PmC-Plymouth loamy coarse sand, 8 to 15 percent slopes. This very deep, strongly sloping, excessively drained soil is on small hills and ridges in areas of glacial lake and ice-contact deposits and on ground moraines. It makes up about 0.7 percent (1,839 acres) of the survey area. It is mapped mainly in the Plymouth-Carver-Barnstable general soil map unit. Areas are irregular in shape and range from 5 to 150 acres in size.
Typically, the surface is covered with an organic layer. This layer is about 1 inch of loose, undecomposed pine needles, leaves, and twigs and 1 inch of partly decomposed and well decomposed organic material. The surface layer is about 3 inches thick. It is black, very friable loamy coarse sand in the upper 1 inch and gray, loose coarse sand in the lower 2 inches. The subsoil is about 26 inches thick. In sequence downward, it is 1 inch of dark brown, very friable gravelly loamy coarse sand; 5 inches of strong brown, very friable gravelly loamy coarse sand; 1 0 inches of yellowish brown, very friable gravelly loamy coarse sand; and 1 0 inches of light yellowish brown, loose gravelly coarse sand. The substratum extends to a depth of 65 inches or more. It is light brownish gray, loose gravelly coarse sand in the upper 12 inches and pale brown, loose coarse sand in the lower part.
Included with this soil in mapping are small areas of Barnstable, Carver, Hinckley, and Nantucket soils. Also included are areas where slopes are less than 8 percent or more than 15 percent and a few areas where stones are on the surface. Included soils make up about 35 percent of this unit.
Permeability is rapid in the subsoil of the Nantucket soil and very rapid in the substratum. Available water capacity is low. Depth to the seasonal high water table is more than 6 feet.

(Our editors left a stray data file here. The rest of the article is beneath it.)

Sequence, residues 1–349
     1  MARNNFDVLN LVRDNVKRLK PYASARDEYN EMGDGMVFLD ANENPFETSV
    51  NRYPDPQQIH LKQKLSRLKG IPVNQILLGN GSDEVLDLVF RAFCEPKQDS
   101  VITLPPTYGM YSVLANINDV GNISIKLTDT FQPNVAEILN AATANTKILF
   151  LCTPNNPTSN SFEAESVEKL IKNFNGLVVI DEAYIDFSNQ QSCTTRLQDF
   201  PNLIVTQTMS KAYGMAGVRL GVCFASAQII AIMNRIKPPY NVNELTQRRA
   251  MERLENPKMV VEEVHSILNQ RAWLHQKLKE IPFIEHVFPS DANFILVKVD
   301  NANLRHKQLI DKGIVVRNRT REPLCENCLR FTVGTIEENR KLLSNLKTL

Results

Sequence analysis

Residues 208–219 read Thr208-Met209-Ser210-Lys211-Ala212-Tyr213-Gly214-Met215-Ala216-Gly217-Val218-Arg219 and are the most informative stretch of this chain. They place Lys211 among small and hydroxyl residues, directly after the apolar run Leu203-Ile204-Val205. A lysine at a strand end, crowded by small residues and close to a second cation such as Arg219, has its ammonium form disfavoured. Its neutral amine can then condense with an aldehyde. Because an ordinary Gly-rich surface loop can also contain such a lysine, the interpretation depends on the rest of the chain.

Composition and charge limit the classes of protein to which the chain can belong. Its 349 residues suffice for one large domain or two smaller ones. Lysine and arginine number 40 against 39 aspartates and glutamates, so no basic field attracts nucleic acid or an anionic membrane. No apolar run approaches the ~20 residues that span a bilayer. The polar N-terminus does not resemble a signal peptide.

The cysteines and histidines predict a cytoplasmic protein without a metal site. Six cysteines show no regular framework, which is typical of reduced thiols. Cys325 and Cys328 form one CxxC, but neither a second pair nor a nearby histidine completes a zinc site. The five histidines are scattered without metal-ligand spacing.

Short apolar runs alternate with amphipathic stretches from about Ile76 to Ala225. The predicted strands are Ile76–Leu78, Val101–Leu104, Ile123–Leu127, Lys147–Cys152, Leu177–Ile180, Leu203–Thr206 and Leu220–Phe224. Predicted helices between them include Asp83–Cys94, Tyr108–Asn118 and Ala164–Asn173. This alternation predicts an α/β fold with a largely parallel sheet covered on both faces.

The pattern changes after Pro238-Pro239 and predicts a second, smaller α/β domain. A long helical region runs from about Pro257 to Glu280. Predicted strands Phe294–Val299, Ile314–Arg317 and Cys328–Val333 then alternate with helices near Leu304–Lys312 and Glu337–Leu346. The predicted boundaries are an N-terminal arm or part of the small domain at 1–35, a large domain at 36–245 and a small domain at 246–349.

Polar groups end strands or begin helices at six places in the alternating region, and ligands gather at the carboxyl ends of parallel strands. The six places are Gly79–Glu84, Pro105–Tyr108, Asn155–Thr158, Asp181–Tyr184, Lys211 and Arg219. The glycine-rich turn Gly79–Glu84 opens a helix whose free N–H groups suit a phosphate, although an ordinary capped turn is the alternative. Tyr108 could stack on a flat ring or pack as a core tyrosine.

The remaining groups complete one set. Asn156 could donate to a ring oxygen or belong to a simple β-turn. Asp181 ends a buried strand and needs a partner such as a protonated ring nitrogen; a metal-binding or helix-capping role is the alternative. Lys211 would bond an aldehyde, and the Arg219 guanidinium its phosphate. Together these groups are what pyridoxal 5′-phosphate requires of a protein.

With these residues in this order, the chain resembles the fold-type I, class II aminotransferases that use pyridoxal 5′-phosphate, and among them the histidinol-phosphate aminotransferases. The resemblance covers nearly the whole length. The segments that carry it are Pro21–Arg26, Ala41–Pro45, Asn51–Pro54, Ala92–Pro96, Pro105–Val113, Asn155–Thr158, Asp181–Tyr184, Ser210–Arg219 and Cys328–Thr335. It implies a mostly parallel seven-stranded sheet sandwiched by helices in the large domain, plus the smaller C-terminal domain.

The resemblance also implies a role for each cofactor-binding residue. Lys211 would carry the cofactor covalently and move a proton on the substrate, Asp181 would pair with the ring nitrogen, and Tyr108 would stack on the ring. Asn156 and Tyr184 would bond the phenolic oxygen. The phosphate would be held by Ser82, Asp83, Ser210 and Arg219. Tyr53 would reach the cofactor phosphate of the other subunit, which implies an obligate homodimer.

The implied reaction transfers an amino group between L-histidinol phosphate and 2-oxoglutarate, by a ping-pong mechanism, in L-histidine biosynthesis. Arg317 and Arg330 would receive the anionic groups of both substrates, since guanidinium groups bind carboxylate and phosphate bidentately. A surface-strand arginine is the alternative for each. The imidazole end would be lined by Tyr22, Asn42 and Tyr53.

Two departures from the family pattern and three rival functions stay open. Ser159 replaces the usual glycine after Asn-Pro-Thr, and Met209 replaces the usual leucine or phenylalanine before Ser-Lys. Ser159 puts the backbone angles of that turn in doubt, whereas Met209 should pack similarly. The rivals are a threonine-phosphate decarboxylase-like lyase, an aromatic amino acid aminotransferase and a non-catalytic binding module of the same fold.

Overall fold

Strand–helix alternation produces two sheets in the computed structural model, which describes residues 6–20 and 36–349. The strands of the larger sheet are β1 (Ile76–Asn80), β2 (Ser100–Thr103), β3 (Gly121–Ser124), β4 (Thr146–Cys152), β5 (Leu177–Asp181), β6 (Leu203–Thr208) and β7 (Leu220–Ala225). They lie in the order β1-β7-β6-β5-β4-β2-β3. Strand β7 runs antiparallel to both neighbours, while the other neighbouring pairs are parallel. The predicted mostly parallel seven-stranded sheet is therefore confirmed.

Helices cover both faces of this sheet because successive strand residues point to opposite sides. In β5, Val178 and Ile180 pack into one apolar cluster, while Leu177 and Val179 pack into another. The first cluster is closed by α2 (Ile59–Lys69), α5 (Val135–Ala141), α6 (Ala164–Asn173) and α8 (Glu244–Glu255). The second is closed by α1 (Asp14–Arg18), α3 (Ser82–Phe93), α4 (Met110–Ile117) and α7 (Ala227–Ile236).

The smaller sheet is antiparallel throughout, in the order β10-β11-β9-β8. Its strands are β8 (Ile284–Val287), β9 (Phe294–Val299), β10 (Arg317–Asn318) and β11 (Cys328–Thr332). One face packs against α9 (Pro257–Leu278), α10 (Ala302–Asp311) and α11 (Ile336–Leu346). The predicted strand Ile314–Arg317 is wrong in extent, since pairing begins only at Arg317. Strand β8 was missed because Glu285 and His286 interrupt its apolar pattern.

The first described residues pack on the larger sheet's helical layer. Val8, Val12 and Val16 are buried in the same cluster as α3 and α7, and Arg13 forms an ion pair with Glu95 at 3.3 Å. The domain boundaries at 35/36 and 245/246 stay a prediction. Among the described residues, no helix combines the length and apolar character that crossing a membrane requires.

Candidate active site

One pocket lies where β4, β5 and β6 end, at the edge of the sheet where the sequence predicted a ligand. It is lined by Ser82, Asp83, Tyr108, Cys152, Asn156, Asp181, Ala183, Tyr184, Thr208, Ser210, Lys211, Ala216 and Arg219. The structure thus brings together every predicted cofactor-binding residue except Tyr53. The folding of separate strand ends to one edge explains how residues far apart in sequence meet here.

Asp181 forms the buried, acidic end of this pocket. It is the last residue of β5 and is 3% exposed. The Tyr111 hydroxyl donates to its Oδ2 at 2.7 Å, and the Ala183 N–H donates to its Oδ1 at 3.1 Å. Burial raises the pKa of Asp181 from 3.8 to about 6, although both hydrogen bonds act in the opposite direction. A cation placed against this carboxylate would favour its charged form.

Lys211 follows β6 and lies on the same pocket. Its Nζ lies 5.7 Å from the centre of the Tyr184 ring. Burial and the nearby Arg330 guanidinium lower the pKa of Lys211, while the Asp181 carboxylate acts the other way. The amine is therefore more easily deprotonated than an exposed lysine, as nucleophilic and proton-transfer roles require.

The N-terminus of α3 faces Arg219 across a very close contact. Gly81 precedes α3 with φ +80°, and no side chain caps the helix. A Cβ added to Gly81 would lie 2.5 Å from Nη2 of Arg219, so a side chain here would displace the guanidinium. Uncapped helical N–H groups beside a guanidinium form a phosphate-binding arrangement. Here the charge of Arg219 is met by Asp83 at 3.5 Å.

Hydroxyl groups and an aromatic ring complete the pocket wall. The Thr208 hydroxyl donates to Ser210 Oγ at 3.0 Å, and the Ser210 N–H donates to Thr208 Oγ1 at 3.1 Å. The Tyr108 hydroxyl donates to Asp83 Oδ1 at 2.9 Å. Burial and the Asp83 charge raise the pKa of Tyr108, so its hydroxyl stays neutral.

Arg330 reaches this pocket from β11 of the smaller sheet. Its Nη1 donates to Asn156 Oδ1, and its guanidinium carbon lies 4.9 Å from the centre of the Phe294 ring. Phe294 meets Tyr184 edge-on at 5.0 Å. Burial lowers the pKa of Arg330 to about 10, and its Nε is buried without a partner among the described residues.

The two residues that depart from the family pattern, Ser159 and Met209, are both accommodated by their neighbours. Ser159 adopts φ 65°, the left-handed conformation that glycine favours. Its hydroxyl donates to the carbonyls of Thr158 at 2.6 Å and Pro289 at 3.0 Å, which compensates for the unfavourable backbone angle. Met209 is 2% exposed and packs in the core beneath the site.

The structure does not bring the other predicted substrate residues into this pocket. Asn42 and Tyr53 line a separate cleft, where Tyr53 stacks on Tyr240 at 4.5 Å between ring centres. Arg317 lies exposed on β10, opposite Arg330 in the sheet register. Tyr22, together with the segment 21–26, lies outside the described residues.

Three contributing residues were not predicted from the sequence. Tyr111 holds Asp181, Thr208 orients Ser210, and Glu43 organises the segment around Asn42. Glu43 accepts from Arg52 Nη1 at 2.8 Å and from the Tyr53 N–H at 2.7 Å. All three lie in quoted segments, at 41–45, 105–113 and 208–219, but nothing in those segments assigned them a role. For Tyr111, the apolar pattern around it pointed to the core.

Most areas are used as woodland. Some areas have been developed for homesites, and a few areas are farmed.
This soil is poorly suited to cultivated crops. The low available water capacity and the susceptibility to erosion are management concerns. Irrigation is needed for most cultivated crops. Mixing plant residue and manure into the surface layer increases the available water capacity. Farming on the contour or across the slope, terracing, stripcropping, including grasses and legumes in the crop rotation, growing cover crops, and applying a system of conservation tillage help to control runoff and erosion.
This soil is poorly suited to hay and pasture. The main management objective is the prevention of overgrazing, which reduces the hardiness and density of desirable plants. Proper stocking rates, timely grazing, and restricted use during wet periods help to maintain plant density and minimize surface compaction.
The slope is the main limitation if this soil is used as a site for buildings. Land shaping is generally needed. Buildings and lots should be designed so that they conform to the natural slope of the land. Erosion is a hazard during and after construction. Planting well suited grasses as soon as possible after the surface is disturbed minimizes the erosion hazard.
This soil is poorly suited to septic tank absorption fields because of the slope and the rapid and very rapid permeability. The soil does not adequately filter the effluent. The poor filtering capacity may result in the pollution of ground water. The hazard of pollution increases with the density of housing. Installing the distribution lines on the contour or in areas that were graded during construction of the dwelling helps to overcome the slope. Precautionary measures may be necessary in some areas.